Friday, November 25, 2016

Two Turkish Van Cats

Today is the story of two cats, both of them Turkish Van breed (rather rare in the US).

First, there is Sula, the mission cat, whose book a number of us at Old Mission SJB put together to raise funds has been mentioned very positively on two more cat blogs: Feline Opines and Best Cat Page. I find these only by googling from time to time. It is always fun to see another mention. Sula's book is selling steadily.
Here are the links:

Second, there is our Murjan. We got the unhappy news from the vet yesterday. He has exactly the same illness that Intrepid died from three weeks ago: small cell lymphoma. He is now on the same treatment plan. He seems to be doing better with the chemo, though, so far. Of course, it is been only one day, but we are hoping for the best. It would be sad to lose both the remaining Jordanian cats within weeks of each other. So, we are counting on the chemotherapy to work this time.

Snowed In


Saw Ma on Wednesday, and called daughter Noelle to talk to her. Ma clearly enjoyed hearing Noelle's voice. Shane showed her pictures of his little ones. Nathaniel is now quite big, and Ma took the phone from Shane, kept looking at the picture of Nathaniel on the phone, and did not want to give the phone back. Yesterday, we did not get to communicate with her because she was under the influence of morphine given to her for pain from a wound she has on her leg. Today, we were snowed in. Brings back memories of growing up here.

Got about a foot of snow. Flake-dropping slowed a bit around 4:00, so Shane and I went walking amid thew white swirls, and I went sliding (slipped on some ice). Now, I can tell that went sliding -- am a bit bruised. Blueberries and tea -- the only inflammation and pain remedies handy.tasty, anyway. Hopefully, none the worse for the trip (literally).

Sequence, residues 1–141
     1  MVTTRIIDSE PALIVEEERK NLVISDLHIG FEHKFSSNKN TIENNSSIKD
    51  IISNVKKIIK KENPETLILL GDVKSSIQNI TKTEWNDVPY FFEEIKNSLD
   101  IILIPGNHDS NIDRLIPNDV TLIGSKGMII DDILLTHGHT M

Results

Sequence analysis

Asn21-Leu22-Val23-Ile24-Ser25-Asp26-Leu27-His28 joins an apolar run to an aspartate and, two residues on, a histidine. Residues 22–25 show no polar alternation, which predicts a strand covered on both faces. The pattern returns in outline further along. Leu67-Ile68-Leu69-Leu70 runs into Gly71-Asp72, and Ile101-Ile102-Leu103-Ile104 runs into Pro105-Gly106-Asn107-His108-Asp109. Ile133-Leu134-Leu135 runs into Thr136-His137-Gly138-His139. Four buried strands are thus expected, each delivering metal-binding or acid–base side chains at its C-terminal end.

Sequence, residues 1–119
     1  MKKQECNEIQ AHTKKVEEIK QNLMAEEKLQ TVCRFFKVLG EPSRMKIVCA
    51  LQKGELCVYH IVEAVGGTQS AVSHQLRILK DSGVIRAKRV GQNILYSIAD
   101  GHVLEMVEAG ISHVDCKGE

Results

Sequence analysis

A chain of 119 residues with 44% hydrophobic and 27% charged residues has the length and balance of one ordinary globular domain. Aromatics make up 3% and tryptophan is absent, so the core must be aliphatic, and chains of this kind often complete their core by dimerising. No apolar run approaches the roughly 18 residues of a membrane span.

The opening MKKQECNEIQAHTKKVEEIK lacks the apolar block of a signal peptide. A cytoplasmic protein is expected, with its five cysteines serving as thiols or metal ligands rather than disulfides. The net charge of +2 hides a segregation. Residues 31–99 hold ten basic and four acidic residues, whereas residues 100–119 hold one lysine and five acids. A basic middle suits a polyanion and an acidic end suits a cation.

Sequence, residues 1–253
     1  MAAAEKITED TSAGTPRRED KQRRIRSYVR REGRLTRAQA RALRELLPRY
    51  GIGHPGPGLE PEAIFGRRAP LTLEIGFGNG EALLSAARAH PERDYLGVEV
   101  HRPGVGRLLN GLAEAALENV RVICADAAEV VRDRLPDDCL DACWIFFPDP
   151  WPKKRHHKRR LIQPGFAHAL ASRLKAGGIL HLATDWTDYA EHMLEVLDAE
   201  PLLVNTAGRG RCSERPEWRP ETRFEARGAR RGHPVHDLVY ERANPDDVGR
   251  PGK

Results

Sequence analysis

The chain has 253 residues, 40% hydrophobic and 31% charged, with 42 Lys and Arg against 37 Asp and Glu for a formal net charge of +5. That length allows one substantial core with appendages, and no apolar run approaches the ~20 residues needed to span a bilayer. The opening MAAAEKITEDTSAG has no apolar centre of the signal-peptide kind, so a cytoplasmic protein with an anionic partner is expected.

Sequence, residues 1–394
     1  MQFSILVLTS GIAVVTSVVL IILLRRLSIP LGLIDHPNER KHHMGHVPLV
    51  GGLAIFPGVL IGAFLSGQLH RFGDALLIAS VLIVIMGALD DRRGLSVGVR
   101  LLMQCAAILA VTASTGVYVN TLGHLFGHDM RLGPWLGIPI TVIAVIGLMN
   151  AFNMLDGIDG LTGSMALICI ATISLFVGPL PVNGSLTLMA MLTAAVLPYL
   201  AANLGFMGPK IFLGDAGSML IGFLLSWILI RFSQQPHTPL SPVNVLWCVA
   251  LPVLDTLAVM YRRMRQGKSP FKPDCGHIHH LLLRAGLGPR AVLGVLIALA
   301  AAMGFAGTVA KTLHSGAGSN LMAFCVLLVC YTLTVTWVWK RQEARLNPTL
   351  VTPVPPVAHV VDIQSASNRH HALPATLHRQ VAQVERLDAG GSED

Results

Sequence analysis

Pics are some of the scenes we saw when we peered out the window. The photos are not in B&W; they are in color. Just not much color in the air today!

Thursday, January 28, 2016

Ma and the Quixocity of Life

Breaking with the Memory Lane reveries to bring some breaking news in the family about Ma, family matriarch.

Since Donnie's mother died in 1999, my mother has become the family matriarch. One sort of expects matriarchs to go on forever, and those who have read my book, Blest Atheist, certainly know that Ma was not a model mother but very abusive. Nonetheless, a mother is a mother, and a matriarch is a matriarch. One does not think about the death of either.

However, two days ago Ma, who has always been strong as a horse (comes from living on a farm), had a massive stroke that has paralyzed her right side and voice (extremely frustrating for her because she is a talker -- one listens, she talks). Today, the doctors determined that she cannot swallow and will need a feeding tube to live, but they are giving her the choice whether to have the feeding tube or not since she is coherent and can communicate by nods. There is also the complication that the surgery to put in the tube could be deadly because her high blood pressure is still not contained.